US only issues 145 visas to Chinese mainland students in July due to ‘political restrictions’ and ’declining popularity’

By Cui Fandi Source: Global Times Published: 2020/9/15 18:46:52

The US visa application webpage Photo: IC

Latest statistics from the US authorities show that only 145 US student visas (F-1) were issued to Chinese mainland residents in July this year, accounting 0.7 percent of the same period last year. 

According to the US Department of State's Bureau of Consular Affairs, the US Embassy in Beijing, the US Consulate in Shanghai and the US Consulate in Guangzhou issued a total of four F-1 visas in July. In terms of nationality, only 145 Chinese mainland residents received their F-1 visas from the US Bureau of Consular Affairs in July, including renewals. In contrast, it approved more than 20,000 visas for mainland students last July. 

Although some attribute the sharp drop to the Trump administration's order that international students attending online classes cannot be granted a visa, statistics show that Hong Kong and Taiwan students received far more student visas (900 combined) than their mainland counterparts in the same month. 

Amid China-US diplomatic tensions, the tightening of the US visa policy towards China has seriously affected normal academic exchanges between the two countries.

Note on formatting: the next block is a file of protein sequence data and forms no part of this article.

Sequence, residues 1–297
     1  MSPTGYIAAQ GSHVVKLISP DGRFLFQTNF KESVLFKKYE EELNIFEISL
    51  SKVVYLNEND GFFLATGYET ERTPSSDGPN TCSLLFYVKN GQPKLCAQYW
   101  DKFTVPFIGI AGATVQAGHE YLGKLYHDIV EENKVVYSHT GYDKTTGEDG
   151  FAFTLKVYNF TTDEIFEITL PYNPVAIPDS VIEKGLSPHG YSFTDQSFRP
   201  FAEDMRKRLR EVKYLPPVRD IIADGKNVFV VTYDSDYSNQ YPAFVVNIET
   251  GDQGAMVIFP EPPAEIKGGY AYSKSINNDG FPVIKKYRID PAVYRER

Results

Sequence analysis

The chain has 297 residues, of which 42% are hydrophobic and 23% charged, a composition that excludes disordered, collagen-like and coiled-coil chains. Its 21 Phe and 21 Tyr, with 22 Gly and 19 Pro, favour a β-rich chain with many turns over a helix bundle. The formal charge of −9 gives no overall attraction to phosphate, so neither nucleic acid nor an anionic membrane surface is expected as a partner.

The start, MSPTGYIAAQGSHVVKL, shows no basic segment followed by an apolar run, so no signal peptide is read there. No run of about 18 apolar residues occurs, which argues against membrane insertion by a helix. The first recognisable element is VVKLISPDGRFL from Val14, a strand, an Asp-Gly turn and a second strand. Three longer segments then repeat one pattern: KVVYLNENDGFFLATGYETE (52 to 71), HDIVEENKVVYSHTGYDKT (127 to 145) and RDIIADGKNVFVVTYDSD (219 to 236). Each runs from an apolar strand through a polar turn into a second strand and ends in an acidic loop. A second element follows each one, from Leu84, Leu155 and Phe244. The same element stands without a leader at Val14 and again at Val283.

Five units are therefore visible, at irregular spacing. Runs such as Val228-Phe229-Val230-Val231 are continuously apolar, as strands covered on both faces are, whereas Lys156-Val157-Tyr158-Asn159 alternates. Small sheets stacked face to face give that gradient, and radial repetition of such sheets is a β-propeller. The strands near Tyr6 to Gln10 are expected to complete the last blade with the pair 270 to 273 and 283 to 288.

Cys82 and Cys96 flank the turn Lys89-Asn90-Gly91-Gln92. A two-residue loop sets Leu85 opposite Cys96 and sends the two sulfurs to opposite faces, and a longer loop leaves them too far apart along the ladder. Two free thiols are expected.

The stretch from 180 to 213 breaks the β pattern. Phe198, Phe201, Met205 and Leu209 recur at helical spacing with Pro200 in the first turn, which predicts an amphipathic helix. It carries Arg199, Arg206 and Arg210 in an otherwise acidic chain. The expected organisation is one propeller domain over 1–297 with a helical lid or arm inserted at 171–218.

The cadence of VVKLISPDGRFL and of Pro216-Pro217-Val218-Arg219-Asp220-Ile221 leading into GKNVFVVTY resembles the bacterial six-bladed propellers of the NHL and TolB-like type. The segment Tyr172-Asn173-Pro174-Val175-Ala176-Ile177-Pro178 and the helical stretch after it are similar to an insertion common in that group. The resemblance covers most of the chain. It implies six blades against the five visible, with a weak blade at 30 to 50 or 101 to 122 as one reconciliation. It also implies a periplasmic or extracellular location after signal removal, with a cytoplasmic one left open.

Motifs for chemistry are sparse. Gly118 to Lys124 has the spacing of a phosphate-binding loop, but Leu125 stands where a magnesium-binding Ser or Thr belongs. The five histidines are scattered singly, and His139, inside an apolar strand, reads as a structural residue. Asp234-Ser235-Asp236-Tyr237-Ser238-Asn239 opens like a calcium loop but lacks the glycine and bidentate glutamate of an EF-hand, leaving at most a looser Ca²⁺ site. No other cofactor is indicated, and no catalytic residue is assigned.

In early September, more than 1,000 Chinese students and visiting scholars in the US had their visas revoked by the US State of Department under a presidential measure by Trump, which was slammed by many observers as "political persecution and racial discrimination".

According to Lü Xiang, a research fellow of US studies at the Chinese Academy of Social Sciences, the drastic fall in the number of visas granted to the Chinese mainland residents is the result of a combination of unreasonable US restrictions on Chinese mainland students and students' significantly declined wish to study in the country. 

Chinese students have long been an important and dynamic part of US universities, especially in science and engineering, Lü said. "Expulsion or losing Chinese students is ultimately bound to harm US academia in the long run," he added.


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